CIT041X Index > Assignment: DTD > Hints

Hints for Assignment
Creating and Using a Simple DTD

Hint one:

Don’t try to do everything at once!

Hint two:

You can do some of the second part of the assignment (Using the DTD) first. Since you have an English language description of what makes a document valid, you can take the well-formed (but not valid) XML file and make it fit the specifications. You can do that part of the assignment before you write the DTD. Remember, the DTD just tells the validator what’s correct. The English language description tells you what’s correct.

Hint three:

Build up your DTD in parts.

Let’s take the following markup language for real estate:

Specification of the Language

Start with the first definition:

The root element of a document is the <properties> element. It consists of a <street> element followed by one or more <lot> elements.

We’ll make that portion of the DTD.

<!ELEMENT properties (street, lot+)>

We cannot use the DTD as it stands, since it refers to the (as yet undefined) <street> and <lot> elements. So we will add “placeholder” definitions, defining them both as containing plain text. We save this DTD as properties.dtd.

<!ELEMENT properties (street, lot+)>
<!ELEMENT street (#PCDATA)>
<!ELEMENT lot (#PCDATA)>

Now we will create an XML file that contains only the elements that the DTD describes so far, so that we can test that part of the DTD.

<!DOCTYPE properties SYSTEM "properties.dtd">
<properties>
    <street>Crestview Drive</street>
    <lot>first</lot>
    <lot>second</lot>
</properties>

Sure enough, that validates just fine. So now we go on to the next part of the specification:

The <street> element contains plain text.

A <lot> contains a <streetnumber> element followed by a lot specification (see below), followed by a <value> element.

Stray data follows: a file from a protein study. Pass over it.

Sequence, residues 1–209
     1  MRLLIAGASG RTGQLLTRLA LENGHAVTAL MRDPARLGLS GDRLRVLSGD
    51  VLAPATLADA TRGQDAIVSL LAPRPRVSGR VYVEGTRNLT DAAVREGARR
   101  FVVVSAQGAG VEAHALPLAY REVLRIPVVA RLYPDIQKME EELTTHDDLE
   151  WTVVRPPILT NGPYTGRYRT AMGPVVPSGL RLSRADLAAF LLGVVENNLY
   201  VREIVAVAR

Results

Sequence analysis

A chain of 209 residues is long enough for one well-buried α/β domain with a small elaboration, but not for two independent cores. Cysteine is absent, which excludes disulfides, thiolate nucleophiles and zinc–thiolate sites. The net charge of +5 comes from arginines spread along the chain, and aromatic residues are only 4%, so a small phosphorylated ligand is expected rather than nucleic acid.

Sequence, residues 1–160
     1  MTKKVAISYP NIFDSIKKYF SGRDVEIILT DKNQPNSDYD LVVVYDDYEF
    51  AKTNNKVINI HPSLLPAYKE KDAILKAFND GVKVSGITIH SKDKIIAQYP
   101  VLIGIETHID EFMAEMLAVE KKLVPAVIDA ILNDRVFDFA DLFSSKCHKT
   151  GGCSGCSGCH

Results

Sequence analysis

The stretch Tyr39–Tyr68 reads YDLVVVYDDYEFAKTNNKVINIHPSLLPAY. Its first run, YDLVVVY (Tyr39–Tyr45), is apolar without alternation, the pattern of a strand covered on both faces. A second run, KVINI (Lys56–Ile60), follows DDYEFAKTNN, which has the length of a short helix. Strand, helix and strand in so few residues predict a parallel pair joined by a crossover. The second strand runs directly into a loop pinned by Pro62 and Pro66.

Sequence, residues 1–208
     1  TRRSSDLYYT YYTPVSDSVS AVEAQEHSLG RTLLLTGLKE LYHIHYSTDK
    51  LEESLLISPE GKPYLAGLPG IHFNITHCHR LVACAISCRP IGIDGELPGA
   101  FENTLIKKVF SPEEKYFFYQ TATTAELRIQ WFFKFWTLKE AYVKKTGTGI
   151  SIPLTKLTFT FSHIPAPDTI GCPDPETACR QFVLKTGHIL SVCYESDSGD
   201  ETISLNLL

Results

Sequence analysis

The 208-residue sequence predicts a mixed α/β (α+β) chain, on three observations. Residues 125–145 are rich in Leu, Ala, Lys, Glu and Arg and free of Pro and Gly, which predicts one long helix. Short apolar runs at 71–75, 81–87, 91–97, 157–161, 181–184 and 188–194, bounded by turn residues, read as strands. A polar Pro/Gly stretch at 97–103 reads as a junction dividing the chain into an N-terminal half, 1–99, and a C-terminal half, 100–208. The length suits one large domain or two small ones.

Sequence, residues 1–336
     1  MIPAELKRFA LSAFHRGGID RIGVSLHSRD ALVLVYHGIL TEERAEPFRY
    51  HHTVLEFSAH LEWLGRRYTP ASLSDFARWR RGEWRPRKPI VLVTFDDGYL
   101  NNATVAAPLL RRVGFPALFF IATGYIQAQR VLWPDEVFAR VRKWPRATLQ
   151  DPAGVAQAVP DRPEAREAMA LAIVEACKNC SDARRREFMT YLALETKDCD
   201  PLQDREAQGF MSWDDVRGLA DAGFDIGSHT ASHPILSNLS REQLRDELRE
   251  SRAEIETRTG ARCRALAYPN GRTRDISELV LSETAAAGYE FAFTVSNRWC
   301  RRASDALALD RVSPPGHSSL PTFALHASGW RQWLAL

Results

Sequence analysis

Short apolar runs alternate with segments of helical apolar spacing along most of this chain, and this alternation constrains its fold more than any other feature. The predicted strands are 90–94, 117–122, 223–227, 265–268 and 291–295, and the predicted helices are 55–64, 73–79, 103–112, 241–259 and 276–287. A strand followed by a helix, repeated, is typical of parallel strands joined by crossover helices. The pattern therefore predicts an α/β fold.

Well, it looks like we guessed right on the <street> element—it does contain plain text, so we don’t have to change it. The <lot> element isn’t just plain text, so we have to alter its definition. There’s no such thing as a "lot specification" element, so we put in a placeholder for it:

<!ELEMENT properties (street, lot+)>
<!ELEMENT street (#PCDATA)>
<!ELEMENT lot (streetnumber, lot-specification-goes-here, value)>

We now must look ahead to the definition of a lot specification, which is either a single <house> element, <business> element, or <vacant> element. Now we can do the replacement into the DTD:

<!ELEMENT properties (street, lot+)>
<!ELEMENT street (#PCDATA)>
<!ELEMENT lot (streetnumber, (house | business | vacant), value)>

And now, we add “text content” placeholders for the elements that haven’t been defined yet:

<!ELEMENT properties (street, lot+)>
<!ELEMENT street (#PCDATA)>
<!ELEMENT lot (streetnumber, (house | business | vacant), value)>
<!ELEMENT streetnumber (#PCDATA)>
<!ELEMENT house (#PCDATA)>
<!ELEMENT business (#PCDATA)>
<!ELEMENT vacant (#PCDATA)>
<!ELEMENT value (#PCDATA)>

Then we update our XML test file to reflect the elements that we have added, so that we can test this part of the DTD:

<!DOCTYPE properties SYSTEM "properties.dtd">
<properties>
    <street>Crestview Drive</street>
    <lot>
        <streetnumber>2211</streetnumber>
        <house>...</house>
        <value>100000</value>
    </lot>

    <lot>
        <streetnumber>2213</streetnumber>
        <business>...</business>
        <value>500000</value>
    </lot>
</properties>

You might also want to make an XML file that does NOT fit the specification, just to make sure that it doesn’t validate. Here’s file testbad.xml, which is trying to be both a house and a business:

<!DOCTYPE properties SYSTEM "properties.dtd">
<properties>
    <street>Crestview Drive</street>
    <lot>
        <streetnumber>2211</streetnumber>
        <house>...</house>
        <business>...</business>
        <value>100000</value>
    </lot>
</properties>

You continue in this way, adding a little bit at a time to your DTD, then adding a little bit to your XML test file, until you have finished the DTD and a sample file. Then you can go to the catalog file given in the assignment and make it fit your DTD.